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An interview with author James Melzer

Updated on December 8, 2014

James Melzer

James Melzer is a new acquaintance of mine but he's one of those guys who make you feel as if you've known him for a long time. He's recently completed a novel and hopes to have it on the market before too long. I caught up with him a few days ago and thought it might be a good idea to share his experience.

James, how long have you been writing?

  • I've been a writer for as long as I can remember. It seems that from an early age I was always putting things down on paper, stories and whatnot. It hasn't been until recently that I thought I could eventually make some sort of career out of it.

So is this your first book, or have you tackled others?

  • This will be my first book for publication. I've written two other novels but they were more for myself, to actually prove that I could go the distance and write a novel. I don't think new writers realize what a long and difficult process it can be. There's a lot of planning that comes with it and if you're not ready, mentally and physically, you're going to fall on your face. You can't just sit down one day and say, "I'm going to write a novel." It just won't work.

Did you dive straight into a full-length book, James, or did you publish other articles/stories first? I know I tackled a novel a long time ago but couldn't place it. I went for years publishing short stories before coming back to the broader sheet of novels.

  • You know, it's funny. When I was younger and I tried to write short-stories they always ended up being like, 50 or 60 pages. I guess I never really had a knack for doing those shorter works. So I never submitted anything anywhere for publication. I've written a handful of short-stories and some of them have made their rounds in online communities but that's about it. One of them, The Vegetarian, which was featured in the Writing.com Horror Newsletter is out there now available for purchase.

What prompted you to write this particular novel and does it convey any 'messages' to the reader? Some writers like to use the novel as a soapbox to air their views, I know I do at times.

  • The book I am writing now, Teenage Wasteland (that's a working title, I think), I can describe as Lord of the Flies meets The Book of Revelation. I've always had a fascination with end of the world type stuff and the apocalypse and all the stories I've read or movies I've seen feature adults in those situations, with the children being in the background, I thought it would be interesting to look at all that stuff from the kids' perspective. To see how they would react to something like that and what they would do. There's a hint of the supernatural in it, of course, because that's what I do. As far as any messages it might convey or a basic theme to the book, I guess I'd have to say it's that we don't give kids enough credit. They are much more perceptive than we might think and are pretty resilient. Honestly though, I'm still flushing all that stuff out of the manuscript.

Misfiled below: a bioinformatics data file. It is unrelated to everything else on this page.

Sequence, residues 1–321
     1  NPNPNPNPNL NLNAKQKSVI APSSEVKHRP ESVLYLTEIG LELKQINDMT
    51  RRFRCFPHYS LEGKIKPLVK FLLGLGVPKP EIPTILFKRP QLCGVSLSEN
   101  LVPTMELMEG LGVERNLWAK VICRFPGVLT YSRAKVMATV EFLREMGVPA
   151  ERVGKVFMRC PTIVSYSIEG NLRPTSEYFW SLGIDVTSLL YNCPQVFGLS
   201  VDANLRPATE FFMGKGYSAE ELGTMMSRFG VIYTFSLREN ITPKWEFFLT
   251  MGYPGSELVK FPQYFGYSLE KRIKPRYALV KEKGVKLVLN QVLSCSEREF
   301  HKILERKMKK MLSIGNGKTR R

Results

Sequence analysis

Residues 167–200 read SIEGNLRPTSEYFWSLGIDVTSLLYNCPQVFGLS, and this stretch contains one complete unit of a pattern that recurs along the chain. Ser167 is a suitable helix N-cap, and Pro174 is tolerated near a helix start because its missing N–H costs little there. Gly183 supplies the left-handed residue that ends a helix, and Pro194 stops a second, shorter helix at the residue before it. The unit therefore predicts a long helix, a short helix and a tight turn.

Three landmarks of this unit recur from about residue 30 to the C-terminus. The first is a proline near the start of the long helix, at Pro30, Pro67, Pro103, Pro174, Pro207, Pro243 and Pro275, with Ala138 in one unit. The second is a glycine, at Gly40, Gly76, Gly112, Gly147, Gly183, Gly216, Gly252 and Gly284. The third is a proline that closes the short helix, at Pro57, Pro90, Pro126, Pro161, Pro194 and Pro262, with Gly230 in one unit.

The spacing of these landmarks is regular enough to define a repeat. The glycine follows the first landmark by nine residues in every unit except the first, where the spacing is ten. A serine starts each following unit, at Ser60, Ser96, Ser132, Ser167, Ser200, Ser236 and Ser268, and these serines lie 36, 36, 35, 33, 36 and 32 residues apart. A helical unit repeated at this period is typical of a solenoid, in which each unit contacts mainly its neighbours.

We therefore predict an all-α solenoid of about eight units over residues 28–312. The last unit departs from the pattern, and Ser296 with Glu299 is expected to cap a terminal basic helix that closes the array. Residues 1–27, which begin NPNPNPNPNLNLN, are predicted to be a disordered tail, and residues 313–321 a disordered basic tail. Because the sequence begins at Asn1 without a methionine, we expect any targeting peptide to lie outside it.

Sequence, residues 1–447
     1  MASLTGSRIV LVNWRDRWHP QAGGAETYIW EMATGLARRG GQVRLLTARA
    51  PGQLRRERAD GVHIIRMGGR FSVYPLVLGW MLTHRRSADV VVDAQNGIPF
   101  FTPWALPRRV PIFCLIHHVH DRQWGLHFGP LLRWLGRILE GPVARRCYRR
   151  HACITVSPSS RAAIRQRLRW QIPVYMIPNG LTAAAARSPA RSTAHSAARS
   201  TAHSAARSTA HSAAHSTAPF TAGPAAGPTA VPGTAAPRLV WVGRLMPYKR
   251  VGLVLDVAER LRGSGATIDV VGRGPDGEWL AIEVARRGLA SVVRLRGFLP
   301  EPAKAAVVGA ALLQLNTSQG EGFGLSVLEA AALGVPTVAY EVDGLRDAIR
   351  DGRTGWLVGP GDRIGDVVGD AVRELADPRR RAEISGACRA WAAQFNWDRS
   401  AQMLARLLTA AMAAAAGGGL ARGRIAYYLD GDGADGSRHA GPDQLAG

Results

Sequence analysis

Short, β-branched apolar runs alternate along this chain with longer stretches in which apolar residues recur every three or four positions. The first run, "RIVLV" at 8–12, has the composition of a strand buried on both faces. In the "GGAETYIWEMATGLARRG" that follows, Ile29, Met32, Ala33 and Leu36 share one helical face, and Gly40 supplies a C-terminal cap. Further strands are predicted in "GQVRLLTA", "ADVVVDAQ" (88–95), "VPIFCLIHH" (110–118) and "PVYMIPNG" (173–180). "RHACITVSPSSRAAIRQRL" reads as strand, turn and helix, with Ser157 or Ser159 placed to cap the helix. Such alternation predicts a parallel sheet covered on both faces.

And is it aimed mainly at men or women. What genre would you classify it in?

  • I think it's a story that is aimed at everyone. We've all been someones child or have kids of our own, so it will be interesting to see how the kids in my story react to certain things. Would we have done the same thing? Would our children do that? And while the book isn't written with a young adult audience in mind, I think they will get a kick out of it. These kids, in my story, are normal kids. They listen to iPods, use slang, fight with their friends, back stab one another. You know, normal kid stuff. It's a coming of age horror story.


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What About Research?



So how much research was involved, did you have to study anything before you completed the story? Most people think writers plonk themselves in front of a screen and out pops a story.

  • I think that as writers, life is much of our research. I have a full-time job and I travel on the buses and subways of the city for about 2 hours each day. I listen a lot, to what people are saying and doing. Kids especially. I pick up on their dialogue and mannerisms, things like that. Hopefully I can convey that in a realistic sense in the novel. As far as the apocalyptic stuff of the novel goes, some of it is taken from the Book of Revelation, but most of it is made up. That's the good thing about writing, you can mix the reality of the world with the reality in your head and come up with a pretty good story. Plus, I just like making shit up.